New “Watchmon” Page Tells the Story About the FNHA’s Office of the Chief Medical Officer


​A key role of the FNHA's Office of the Chief Medical Officer (OCMO) is that of Watchmon, and you can now learn all about it on the FNHA's website.


What is a Watchmon?

In its role as Watchmon, the OCMO monitors and acts as a guardian and champion of the health and wellness of First Nations people living in BC. The OCMO was inspired to develop this role by some coastal First Nations who have a Watchmon figure who protects and guides its people by standing guard, observing and warning of impending danger or challenges. This Watchmon is depicted in carvings and atop poles, where it can see everything below and around it.

“As Watchmon, the OCMO's key roles are to see and hear, by observing, monitoring and gathering information and data from various sources to capture the story of health and wellness of First Nations," said Dr. Evan Adams, the FNHA's Chief Medical Officer. “It is also to report by sharing the story of health and wellness of First Nations people in BC to improve health and wellness; and to guide and guard, by providing two-eyed seeing leadership that contributes to a strategic response at various levels."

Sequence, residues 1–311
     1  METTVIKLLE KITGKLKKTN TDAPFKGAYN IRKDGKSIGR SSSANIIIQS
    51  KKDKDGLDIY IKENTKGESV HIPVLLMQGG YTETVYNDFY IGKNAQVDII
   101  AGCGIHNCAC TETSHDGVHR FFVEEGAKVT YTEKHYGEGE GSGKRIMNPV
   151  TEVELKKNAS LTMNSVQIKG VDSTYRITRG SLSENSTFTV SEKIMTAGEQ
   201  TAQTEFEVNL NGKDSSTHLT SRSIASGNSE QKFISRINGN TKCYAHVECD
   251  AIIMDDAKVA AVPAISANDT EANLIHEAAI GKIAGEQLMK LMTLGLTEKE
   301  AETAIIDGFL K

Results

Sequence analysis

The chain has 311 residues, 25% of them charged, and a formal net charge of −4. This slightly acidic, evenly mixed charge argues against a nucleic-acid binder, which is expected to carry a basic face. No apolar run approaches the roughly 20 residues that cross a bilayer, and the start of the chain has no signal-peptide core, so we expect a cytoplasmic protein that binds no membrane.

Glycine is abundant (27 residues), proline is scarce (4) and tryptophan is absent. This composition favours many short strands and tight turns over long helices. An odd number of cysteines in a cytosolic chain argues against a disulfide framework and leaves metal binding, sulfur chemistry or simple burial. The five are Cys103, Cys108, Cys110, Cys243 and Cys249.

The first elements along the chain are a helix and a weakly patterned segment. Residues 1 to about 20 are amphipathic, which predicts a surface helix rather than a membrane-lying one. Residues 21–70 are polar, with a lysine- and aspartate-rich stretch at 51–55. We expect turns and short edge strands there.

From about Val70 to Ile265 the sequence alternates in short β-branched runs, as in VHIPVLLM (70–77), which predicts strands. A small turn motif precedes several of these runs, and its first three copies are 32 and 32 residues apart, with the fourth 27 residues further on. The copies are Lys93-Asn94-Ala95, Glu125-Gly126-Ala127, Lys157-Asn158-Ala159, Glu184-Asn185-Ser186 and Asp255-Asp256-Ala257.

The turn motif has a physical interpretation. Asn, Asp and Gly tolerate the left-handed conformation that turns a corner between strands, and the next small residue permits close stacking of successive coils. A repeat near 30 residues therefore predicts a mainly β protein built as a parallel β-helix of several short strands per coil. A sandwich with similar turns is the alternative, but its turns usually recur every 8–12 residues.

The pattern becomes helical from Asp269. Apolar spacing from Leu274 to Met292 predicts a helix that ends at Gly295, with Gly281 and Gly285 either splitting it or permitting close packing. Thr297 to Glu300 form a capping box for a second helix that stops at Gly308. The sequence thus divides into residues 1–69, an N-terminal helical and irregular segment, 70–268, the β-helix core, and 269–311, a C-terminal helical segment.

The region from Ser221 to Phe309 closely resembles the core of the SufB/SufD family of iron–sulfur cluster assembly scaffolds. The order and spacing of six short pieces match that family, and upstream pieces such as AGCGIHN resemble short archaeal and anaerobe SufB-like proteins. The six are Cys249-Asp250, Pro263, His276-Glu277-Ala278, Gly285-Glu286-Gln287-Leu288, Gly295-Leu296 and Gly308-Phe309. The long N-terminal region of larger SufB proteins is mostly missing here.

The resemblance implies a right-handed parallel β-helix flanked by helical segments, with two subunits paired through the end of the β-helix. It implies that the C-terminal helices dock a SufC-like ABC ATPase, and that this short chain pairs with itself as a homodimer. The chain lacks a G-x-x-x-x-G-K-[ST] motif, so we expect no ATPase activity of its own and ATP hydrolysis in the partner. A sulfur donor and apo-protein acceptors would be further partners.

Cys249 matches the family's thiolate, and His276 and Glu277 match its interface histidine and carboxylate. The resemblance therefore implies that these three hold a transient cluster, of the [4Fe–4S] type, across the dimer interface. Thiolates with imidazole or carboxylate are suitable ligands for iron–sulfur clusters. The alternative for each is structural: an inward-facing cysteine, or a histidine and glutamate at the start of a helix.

A New Home For Public Health Reporting on

The new Watchmon page serves as a hub for public health reporting from the FNHA's OCMO.

On this page, you will find: 

 ​Public health reports produced by the OCMO;

 Background information on the office and role of the Watchmon; 

 Biographies for members of the FNHA medical team; and

 ​Videos and other public health resources created by and featuring the OCMO team.

Visit the new Watchmon page here.​

The OCMO and the Provincial Health Officer

Prior to the establishment of the FNHA, BC's Provincial Health Officer (PHO) held the sole responsibility for reporting on the health of Indigenous peoples living in BC. Following the establishment of the OCMO, the FNHA and the Province of BC assumed shared responsibility for BC First Nations population health reporting. Since then, the two offices have formed a strong and unique partnership built on mutual respect and collaboration that reflects reconciliation in action.

Together, we produce reports that provide evidence-informed analyses to support, inform, and catalyze action throughout the health system and other sectors, and to monitor and support the wellness of the BC First Nations population.

One such report is the First Nations Population Health and Wellness Agenda (PHWA), which is expected to be released by June 2020.

The PHWA focuses on the fact that self-determination, connection to land, and cultural wellness are deeply interconnected and form the foundation of First Nations health and wellness. A key theme is that when our systems, like health and education, are well nourished (e.g., through cultural safety) and the barriers (e.g., discriminatory policies and practices) are removed, the result is better health outcomes. This story is told through a set of 22 health indicators, which will be measured until 2030.

You can read the Executive Summary of the First Nations Population Health and Wellness Agenda here.

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